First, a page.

It has been five years since David Banner released his 2012 mixtape Sex, Drugs & Video Games; since then, he has starred in movies like Lee Daniels‘ The Butler alongside Oscar Award Winner Forest Whitaker, Ride Along with Ice Cube and Kevin Hart and Carter High to name a few. In addition, he has also been touring in small cities like Jackson, Mississippi, Little Rock, Arkansas, and Birmingham, Alabama, even visiting Harvard University to help educate individuals about Black history (ex. the African-American creation of Rock and Roll, or the original plan for Blacks to travel north and west to gather knowledge and return to the south to educate and give back to the community).
I had the opportunity to interview the legendary artist, producer, public speaker and now established actor about his inspiration behind The God Box, and what is the next step in his lecture series. You can check out the entire interview with David Banner below.
What was your inspiration behind your latest project “The God Box”?
It was more or less trying to find a way to make this new level of consciousness, that I have been able to achieve or tap into to make it make sense musically. There are a lot of records where people are trying to take their thoughts to another level, but it does not make sense musically as far as current content. So, I wanted to create something that even if the audience did or didn’t understand the material it was still jamming. If you listen to the song “Black Fist” The beat might distract you to the point where you might not know that the song is about social change.
Why was it so important for you to visit some of these smaller cities to teach during the God Box Lecture Series?
It was important for me to start in these smaller cities because I’m from Jackson, Mississippi and people do not visit these smaller cities. They are the ones that need help the most and places like Birmingham, Alabama, and Jackson, Mississippi are the same places where our people died fighting for equality. People like Martin Luther King Jr. And Elijah Muhammad, who is from Georgia is where our families originated from and where they are the most oppressed and that is why I decided to concentrate on these places. This is bigger than just music and selling a record.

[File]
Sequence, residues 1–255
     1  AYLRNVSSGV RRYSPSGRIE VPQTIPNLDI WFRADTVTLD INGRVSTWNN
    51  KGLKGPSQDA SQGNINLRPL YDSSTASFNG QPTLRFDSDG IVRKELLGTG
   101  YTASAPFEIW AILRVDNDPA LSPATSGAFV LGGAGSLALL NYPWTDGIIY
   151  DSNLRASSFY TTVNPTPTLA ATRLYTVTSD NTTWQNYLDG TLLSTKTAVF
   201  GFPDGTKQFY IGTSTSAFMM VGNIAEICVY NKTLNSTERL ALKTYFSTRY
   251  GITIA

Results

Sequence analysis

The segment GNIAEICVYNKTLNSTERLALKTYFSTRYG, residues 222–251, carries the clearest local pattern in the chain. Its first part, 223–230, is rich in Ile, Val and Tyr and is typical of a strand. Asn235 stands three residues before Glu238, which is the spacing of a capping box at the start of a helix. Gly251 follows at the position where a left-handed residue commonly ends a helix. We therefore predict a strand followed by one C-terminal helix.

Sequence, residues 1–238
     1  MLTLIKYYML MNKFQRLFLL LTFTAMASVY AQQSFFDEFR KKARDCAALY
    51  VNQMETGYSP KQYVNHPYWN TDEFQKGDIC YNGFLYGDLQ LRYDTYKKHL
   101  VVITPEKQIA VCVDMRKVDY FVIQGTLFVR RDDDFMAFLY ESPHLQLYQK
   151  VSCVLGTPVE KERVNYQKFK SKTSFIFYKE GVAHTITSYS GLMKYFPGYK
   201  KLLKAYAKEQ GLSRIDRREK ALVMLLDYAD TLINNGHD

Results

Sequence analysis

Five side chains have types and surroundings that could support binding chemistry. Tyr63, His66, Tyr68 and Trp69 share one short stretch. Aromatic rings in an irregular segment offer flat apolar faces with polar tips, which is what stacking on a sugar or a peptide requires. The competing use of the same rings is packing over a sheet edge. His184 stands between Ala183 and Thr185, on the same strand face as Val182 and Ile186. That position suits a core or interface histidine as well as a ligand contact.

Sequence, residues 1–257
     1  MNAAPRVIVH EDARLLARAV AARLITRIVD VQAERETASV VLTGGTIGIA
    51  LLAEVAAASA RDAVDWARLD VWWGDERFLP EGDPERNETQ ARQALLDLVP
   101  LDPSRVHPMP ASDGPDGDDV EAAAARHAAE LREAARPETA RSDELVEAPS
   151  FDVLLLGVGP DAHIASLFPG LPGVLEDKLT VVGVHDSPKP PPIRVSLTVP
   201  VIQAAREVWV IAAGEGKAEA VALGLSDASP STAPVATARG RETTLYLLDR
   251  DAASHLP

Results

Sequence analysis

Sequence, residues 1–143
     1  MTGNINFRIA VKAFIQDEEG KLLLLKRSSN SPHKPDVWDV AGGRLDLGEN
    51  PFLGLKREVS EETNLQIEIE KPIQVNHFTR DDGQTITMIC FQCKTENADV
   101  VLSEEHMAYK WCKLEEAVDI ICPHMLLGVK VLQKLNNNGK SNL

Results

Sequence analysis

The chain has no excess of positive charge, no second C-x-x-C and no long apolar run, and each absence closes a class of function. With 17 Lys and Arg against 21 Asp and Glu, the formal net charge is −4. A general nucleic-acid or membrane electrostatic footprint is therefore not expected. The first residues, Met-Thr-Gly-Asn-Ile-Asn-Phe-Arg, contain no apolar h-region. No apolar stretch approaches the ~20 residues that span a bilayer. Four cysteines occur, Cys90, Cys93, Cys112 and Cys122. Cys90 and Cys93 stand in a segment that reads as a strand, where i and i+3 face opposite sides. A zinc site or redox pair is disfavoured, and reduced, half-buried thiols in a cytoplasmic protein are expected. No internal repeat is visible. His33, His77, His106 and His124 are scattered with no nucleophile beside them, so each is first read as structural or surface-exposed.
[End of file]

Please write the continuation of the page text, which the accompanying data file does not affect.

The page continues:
What are some of the things you are hoping to do next with the God Box Lecture Series?
I really want to bring all the aspects of The God Box lecture series together and create something that people have not seen before.The God Box is also an art exhibit we have an artistic depiction to every song on the album. I would like to make a healthy synthesis of the lecture and the music. Not everyone is a fan of hip-hop, but I want to find a cohesive way to deliver the art to all ages and cultures.
Can you tell about some of the responses you received from your older albums in comparisons to this album regarding your fan base?
Throughout my whole career, I wanted to be respected as a lyricist and consider as a top lyricist in the game. Anytime you are from the south and you don’t try to rap like you are from somewhere else people not listening to you. For instance, I believe Juvenile was a lyricist, but because he had such a southern draw people never respected him. Think about the southern artists that they respect they still have a southern accent, but they sound like they are from New York. The album the God Box those is receiving feedback of being one of the greatest albums ever and I’m receiving the recognition for being a lyricist.
These are things that I have always wanted and the timing is right. One of the criticisms I give about talent, in general, is we give people OG stats and other titles when they do not have a lot of content to back it up. Take Lebron James for example, everyone was comparing him to Michael Jordan before he won a championship or even before he left high school.
The problem that we don’t understand as black people is that by doing that we degrade the culture. Being labeled the best should not be an easy task, it should be something you strive for your whole to achieve. What we don’t understand our culture has been bought by commercialism and there is no money in the concept that Jordan is the greatest ever to the NBA because he is not playing anymore. Every generation will have the next man up because they are trying to sell tickets and merchandise, but it does nothing for the culture.